Tuesday, May 23, 2023

Goldfinch To France

News arrived of juvenile Goldfinch ALP8579 we caught and ringed at Oakenclough on 17 August 2022, when according to this blog : ‘Nothing much happened except for visible migration of more than 120 Swallows heading west in small groups together with several House Martins and a single Sand Martin. Invisible migration/new arrivals consisted of just 11 captures - 3 Blackcap, 2 Willow Warbler, 2 Meadow Pipit, 2 Goldfinch, 1 Goldcrest and 1 Chaffinch.’ 

Well something certainly happened later because one of those two Goldfinches was recaptured by French ringers on 7 January 2023 at Montmorillon, Vienne, some 143 days and 873 kms after our first capture. 

Goldfinch to France 2022 - 2023
Juvenile Goldfinch (3J)
Goldfinch migration - migrationatlas.org
From https://migrationatlas.org “Ringing recoveries identify three main connections between breeding populations and wintering regions. Birds from the British Isles move to the continent in a S or SE direction, with most winter records from the Netherlands to Spain (a few in Morocco). Birds from West, Central and East Europe move to the SW, though population from northern Italy, the Balkans up to Poland and the Baltic states move either to South West or to South East Europe. Birds recovered in North Africa (mainly Morocco) originates from South West but also West Europe.” 

Our UK Goldfinches are more migratory than many people realise, perhaps more noticeable when a garden that is usually full of Goldfinches becomes less crowded at the onset of cold weather. Our Goldfinch ALP8578 conformed to the migration behaviour and routes shown above. As a young bird born in the summer of 2022 it was just a matter of weeks before its inherited genes and DNA kicked in and sent it flying to the south of France many miles from its birth place. 

Log in again soon bird lovers. I think we are catching Sand Martins later in the week if winds stay low and from the east. 

Linking today to Eileen's Saturday.


eileeninmd said...

Love the Goldfinch closeup. The bird migration is just amazing.
I hope the weather cooperates for your Sand Martin catch.
Take care, enjoy your day and the week ahead.

Wally Jones said...

Young Goldfinch. Tiny wings and body. 873 kilometers! Incredible.

Avian migration is so fascinating. At risk of repeating myself, thanks to you and all the citizen scientists around the planet for helping to monitor the birds of the world.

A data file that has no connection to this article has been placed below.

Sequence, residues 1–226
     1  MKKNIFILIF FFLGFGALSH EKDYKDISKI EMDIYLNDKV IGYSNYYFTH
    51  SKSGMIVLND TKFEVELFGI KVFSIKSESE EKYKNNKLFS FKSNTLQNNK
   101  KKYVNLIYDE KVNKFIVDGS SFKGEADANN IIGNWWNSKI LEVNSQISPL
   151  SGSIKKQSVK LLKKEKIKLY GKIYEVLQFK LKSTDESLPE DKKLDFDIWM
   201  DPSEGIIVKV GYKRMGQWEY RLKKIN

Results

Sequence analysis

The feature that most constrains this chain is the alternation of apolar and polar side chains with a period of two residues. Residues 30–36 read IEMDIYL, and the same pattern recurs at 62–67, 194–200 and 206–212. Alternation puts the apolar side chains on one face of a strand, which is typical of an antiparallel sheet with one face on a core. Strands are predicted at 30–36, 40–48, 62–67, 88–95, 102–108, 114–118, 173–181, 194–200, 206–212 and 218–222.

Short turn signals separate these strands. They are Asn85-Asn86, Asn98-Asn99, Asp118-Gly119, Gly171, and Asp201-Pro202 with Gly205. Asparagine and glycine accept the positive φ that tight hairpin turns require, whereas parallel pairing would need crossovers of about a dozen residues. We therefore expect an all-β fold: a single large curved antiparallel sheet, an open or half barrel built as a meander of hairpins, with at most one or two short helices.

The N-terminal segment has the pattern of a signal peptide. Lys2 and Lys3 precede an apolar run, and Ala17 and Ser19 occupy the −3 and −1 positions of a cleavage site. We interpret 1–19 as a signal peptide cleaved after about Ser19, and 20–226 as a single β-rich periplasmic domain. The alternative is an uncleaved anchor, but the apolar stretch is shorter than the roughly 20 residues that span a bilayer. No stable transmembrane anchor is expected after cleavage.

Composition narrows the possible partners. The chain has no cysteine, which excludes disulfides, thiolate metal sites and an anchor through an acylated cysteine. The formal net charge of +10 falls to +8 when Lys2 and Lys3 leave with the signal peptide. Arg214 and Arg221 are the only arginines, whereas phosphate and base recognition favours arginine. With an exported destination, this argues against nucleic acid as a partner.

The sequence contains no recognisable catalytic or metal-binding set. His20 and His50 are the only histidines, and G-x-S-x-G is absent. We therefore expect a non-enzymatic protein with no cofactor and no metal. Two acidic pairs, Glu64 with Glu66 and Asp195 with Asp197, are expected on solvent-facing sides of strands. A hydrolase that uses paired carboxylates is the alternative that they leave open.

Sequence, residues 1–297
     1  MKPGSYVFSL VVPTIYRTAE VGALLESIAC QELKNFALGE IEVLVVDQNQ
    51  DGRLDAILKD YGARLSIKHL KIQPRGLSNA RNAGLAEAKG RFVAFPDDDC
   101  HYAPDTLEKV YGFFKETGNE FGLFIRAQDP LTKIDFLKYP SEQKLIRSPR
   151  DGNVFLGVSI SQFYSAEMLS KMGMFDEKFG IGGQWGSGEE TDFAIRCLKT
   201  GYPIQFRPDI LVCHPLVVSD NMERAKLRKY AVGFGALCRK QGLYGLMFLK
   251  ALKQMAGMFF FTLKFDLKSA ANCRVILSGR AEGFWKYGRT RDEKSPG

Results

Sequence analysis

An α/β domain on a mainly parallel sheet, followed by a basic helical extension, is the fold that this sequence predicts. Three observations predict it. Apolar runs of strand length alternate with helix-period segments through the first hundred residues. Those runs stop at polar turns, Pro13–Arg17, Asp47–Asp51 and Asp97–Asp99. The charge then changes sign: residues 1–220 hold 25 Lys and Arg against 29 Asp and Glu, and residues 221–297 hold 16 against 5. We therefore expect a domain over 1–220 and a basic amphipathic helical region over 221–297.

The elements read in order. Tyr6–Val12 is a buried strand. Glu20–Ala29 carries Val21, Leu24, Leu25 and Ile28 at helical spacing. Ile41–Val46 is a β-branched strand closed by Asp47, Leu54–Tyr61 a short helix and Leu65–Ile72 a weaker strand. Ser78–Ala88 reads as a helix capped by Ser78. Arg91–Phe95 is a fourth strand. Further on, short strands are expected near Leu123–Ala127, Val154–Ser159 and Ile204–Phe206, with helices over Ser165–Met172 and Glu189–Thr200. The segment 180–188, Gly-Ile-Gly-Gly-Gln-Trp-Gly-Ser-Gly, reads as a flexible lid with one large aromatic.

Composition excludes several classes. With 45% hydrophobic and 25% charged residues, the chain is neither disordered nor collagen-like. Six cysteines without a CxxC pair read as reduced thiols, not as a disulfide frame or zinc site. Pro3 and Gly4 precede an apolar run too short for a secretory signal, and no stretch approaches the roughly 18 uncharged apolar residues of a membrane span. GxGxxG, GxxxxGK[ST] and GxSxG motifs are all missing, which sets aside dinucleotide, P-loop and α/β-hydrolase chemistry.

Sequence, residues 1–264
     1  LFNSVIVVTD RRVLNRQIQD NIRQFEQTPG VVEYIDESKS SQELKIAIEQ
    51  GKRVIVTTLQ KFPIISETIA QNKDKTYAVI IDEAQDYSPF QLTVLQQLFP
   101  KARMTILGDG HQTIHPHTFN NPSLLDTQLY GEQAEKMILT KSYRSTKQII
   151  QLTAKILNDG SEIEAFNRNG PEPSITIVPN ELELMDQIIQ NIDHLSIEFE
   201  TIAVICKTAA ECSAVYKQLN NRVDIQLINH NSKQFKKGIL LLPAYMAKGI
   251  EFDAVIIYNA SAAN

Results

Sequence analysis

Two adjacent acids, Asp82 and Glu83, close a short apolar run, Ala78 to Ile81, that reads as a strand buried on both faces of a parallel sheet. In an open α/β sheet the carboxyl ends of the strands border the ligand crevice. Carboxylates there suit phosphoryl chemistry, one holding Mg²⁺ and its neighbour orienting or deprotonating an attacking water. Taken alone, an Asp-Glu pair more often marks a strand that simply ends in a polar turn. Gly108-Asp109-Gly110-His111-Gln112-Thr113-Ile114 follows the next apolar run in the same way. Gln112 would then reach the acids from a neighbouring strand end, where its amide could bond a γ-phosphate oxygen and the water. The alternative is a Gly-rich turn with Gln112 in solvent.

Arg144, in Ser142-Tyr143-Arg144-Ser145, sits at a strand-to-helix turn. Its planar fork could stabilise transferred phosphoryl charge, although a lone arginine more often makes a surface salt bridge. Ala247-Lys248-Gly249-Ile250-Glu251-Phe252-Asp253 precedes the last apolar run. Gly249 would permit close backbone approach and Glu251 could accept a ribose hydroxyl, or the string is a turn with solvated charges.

Fingers crossed for fair weather as there are Sand Martins waiting to be counted and fitted with jewelry!

All is good here! Too many life interruptions, not enough time afield. Sigh.

Rhodesia said...

That is really interesting. I never think to look for rings on the bids here when I take photos, though I am sure if I took a photo of one with a ring I would register straight away.

Yes busy here as well the garden is very demanding!!!!!
Keep well and good ringing. Cheers Diane

Mike Attwood said...

Interesting, tracking birds around the world has always interested me but I never got started and now that I have the time I haven't got the energy. Keep it going Phil for the likes of me. Take care

Yvonne said...

Seems quite extraordinary that one of only two Goldfinch ringed that day, would be caught by ringers in France less than five months later. What a good feeling you must have! Does that happen very often, where you hear that one of the birds you ringed was caught by a ringer elsewhere?

eileeninmd said...

It is interesting finding out where your ringed birds end up. Spending winter in the south of France sounds nice to me. Good luck with the Sand Martins.
Thank you for linking up and sharing your post. Take care, have a great weekend.

KB said...

Wow, that's amazing and such a beautiful bird too ❤

Shiju Sugunan said...

Fascinating news about the recapture of the Goldfinch in France after such a long time and distance. Such a pretty bird!

Breathtaking said...

Hello Phil :=)
It has always amazed me how young juvenile birds know instinctively that they must migrate. The Goldfinch caught and ringed in France is a fine example. You really do a great job Phil, of monitoring their whereabouts. I love the photo of the hand held Goldfinch, it's a bird I never have the pleasure of seeing in Northern Portugal, although I have seen many in the South.
enjoy your weekend
All the best.

Adam Jones said...

Very interesting post Phil, and always nice when one of your ringed birds turns up somewhere a bit further away. I must admit, I was not really aware that they moved so far. Migration is so fascinating.

~Lavender Dreamer~ said...

The migration really is amazing and so neat to learn about. Enjoy your week ahead!

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